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must be applied : and it is but for the father or tutor to take and keep from them something that they value, and think their own; or order somebody else to do it ; and by such instances make them sensible, what little advantage they are like to make, by possessing themselves unjustly of what is another's, whilst there are in the world stronger and more men than they. But if an ingenuous detestation of this shameful vice be but carefully and early instilled into them, as I think it may, that is the true and genuine method to obviate this crime; and will be a better guard against dishonesty, than any considerations drawn from interest; habits working more constantly and with greater facility, than reason; which, when we have most need of it, is seldom fairly consulted, and more rarely obeyed.

§ 111. Crying is a fault that should not be · tolerated in children; not only for the unpleasant and unbecoming noise it fills the house with, but for more considerable reasons, in reference to the children themselves : which is to be our aim in education. * Their crying is of two sorts ; either stubborn and domineering, or querulous and whining. · 1. Their crying is very often a striving for mastery, and an open declaration of their insolence or obstinacy: when they have not the power to obtain their desire, they will, by their clamour and sobbing, main. tain their title and right to it. This is an avowed continuing of their claim, and a sort of remonstrance against the oppression and injustice of those who deny them what they have a mind to. • $ 112. 2. Sometimes their crying is the effect of pain or true sorrow, and a bemoaning themselves under it. . . These two, if carefully observed, may, by the mien, look, and actions, and particularly by the tone of their crying, be easily distinguished; but neither of them must be suffered, much less encouraged. * 1. The obstinate or stomachful crying should by no means be permitted ; because it is but another way of flattering their desires, and encouraging those passions, which it is our main business to subdue: and if it be,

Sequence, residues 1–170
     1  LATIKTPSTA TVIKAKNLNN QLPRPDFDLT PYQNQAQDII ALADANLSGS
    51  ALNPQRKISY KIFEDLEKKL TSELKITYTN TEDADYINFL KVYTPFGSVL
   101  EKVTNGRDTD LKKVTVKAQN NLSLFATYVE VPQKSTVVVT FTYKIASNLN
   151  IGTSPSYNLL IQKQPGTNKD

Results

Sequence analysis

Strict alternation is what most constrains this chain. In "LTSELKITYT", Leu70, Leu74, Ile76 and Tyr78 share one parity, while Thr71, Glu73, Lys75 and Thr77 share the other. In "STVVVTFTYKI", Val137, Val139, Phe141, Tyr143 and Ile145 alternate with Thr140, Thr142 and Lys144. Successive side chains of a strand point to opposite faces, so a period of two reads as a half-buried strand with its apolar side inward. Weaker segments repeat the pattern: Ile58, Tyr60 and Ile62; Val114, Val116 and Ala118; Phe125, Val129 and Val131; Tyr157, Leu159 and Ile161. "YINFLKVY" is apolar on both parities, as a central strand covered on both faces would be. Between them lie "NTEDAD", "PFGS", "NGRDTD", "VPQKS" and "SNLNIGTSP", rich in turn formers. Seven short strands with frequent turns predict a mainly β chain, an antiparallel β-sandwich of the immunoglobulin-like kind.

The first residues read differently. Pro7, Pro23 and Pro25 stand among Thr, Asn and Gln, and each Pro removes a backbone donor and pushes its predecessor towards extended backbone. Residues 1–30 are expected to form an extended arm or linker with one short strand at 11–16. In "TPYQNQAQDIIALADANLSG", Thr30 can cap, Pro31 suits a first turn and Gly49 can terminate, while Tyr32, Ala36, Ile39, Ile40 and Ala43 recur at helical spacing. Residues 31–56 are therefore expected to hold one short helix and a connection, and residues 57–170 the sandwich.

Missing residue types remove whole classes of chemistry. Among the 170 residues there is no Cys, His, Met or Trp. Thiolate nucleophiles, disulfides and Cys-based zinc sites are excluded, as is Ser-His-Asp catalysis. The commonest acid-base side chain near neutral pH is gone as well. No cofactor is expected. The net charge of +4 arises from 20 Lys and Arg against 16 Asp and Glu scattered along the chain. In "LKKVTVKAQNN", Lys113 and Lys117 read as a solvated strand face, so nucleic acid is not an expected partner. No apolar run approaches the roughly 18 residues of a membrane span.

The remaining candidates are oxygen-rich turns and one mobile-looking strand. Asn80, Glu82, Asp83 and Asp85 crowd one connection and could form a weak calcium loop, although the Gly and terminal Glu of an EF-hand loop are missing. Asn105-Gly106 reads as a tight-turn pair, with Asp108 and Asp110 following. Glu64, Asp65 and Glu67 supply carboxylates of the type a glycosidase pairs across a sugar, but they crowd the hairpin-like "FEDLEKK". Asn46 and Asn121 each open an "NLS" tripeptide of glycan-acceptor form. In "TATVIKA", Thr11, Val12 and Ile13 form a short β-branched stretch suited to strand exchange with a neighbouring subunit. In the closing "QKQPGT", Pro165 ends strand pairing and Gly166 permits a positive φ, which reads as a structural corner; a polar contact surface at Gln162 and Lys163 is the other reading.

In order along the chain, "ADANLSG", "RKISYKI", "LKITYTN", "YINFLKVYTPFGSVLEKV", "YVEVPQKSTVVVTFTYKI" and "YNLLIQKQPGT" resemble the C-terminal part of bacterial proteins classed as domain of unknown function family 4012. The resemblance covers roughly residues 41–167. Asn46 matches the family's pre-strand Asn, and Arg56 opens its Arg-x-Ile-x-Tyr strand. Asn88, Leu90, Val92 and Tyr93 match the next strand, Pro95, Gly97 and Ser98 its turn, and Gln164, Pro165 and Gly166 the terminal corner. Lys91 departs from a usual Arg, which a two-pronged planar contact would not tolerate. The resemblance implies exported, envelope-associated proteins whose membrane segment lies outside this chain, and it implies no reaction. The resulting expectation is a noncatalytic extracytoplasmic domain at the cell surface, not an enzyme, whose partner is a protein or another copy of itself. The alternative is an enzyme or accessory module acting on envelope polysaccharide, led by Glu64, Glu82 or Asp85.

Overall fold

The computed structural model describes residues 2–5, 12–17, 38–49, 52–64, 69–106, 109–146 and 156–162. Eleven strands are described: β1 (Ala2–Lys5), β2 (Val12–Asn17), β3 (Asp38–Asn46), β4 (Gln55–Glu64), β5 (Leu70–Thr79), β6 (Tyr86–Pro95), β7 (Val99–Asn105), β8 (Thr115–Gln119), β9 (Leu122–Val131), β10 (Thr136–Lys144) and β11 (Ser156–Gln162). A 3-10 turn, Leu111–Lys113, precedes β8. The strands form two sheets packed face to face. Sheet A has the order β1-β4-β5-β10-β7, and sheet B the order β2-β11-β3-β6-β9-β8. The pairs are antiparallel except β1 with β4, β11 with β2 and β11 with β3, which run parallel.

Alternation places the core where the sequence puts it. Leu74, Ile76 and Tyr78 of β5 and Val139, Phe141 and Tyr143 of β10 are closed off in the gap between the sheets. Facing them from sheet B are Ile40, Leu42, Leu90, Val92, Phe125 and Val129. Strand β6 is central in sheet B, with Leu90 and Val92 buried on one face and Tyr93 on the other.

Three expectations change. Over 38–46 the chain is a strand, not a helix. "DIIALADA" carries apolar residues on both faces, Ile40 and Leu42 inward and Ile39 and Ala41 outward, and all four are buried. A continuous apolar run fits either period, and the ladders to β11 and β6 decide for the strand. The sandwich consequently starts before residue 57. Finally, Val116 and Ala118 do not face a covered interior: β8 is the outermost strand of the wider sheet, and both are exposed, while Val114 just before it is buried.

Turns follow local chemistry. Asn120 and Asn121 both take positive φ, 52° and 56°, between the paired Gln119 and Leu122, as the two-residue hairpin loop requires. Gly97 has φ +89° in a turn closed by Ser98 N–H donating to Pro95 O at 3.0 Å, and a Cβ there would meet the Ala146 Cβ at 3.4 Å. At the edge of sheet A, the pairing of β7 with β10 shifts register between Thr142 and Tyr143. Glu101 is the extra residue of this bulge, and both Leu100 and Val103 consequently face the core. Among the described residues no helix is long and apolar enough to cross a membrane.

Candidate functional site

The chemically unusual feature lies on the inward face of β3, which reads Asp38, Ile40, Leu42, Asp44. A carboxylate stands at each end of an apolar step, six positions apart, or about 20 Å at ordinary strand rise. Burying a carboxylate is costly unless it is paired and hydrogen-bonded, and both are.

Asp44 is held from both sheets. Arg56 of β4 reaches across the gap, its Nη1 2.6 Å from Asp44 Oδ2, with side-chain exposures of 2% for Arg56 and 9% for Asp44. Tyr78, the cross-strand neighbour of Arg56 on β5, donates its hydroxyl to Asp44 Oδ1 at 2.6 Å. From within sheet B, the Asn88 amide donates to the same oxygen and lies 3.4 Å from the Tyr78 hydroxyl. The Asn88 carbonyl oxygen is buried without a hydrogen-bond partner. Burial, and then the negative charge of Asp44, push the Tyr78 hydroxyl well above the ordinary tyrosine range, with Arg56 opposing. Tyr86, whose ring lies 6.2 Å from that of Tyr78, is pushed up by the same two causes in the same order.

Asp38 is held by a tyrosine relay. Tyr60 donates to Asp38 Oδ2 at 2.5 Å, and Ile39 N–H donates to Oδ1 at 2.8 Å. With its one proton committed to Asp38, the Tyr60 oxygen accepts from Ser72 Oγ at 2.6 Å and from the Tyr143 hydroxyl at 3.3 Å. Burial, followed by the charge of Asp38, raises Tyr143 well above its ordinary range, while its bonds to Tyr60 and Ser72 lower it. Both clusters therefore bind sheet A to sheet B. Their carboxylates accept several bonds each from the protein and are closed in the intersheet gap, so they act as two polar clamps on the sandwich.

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as often it is, upon the receiving any correction, it quite defeats all the good effects of it; for any chastisement, which leaves them in this declared opposition, only serves to make them worse. The restraints and punishments laid on children are all misapplied and lost, as far as they do not prevail over their wills, teach them to submit their passions, and make their minds supple and pliant to what their parents reason advises them now, and so prepare them to obey what their own reason should advise hereafter. But if, in any thing wherein they are crossed, they may be suffered to go away crying, they confirm themselves in their de. sires, and cherish the ill humour, with a declaration of their right, and a resolation to satisfy their inclina. tions the first opportunity. This therefore is another argument against the frequent use of blows: for, when ever you come to that extremity, it is not enough to whip or beat them ; you must do it till you find you have subdued their minds; till with submission and patience they yield to the correction; which you shall best discover by their crying, and their ceasing from it upon your bidding. Without this, the beating of children is but a passionate tyranny over them; and it is mere cruelty, and not correction, to put their bodies in pain, without doing their minds any good. As this gives us a reason why children should seldom be corrected, so it also prevents their being so. For if, whenever they are chastised, it were done thus without passion, soberly and yet effectually too, laying on the blows and smart, not furiously and all at once, but slowly, with reasoning between, and with observation how it wrought, stopping when it had made them pliant, penitent, and yielding; they would seldom need the like punishment again, being made careful to avoid the fault that deserved it. Besides, by this means, as the punishment would not be lost, for being too little, and not effectual ; so it would be kept from being too much, if we gave off as soon as we perceived that it reached the mind, and that was bettered. For, since the chiding or beating of children should be always the least that possibly may be, that which is laid on in the heat of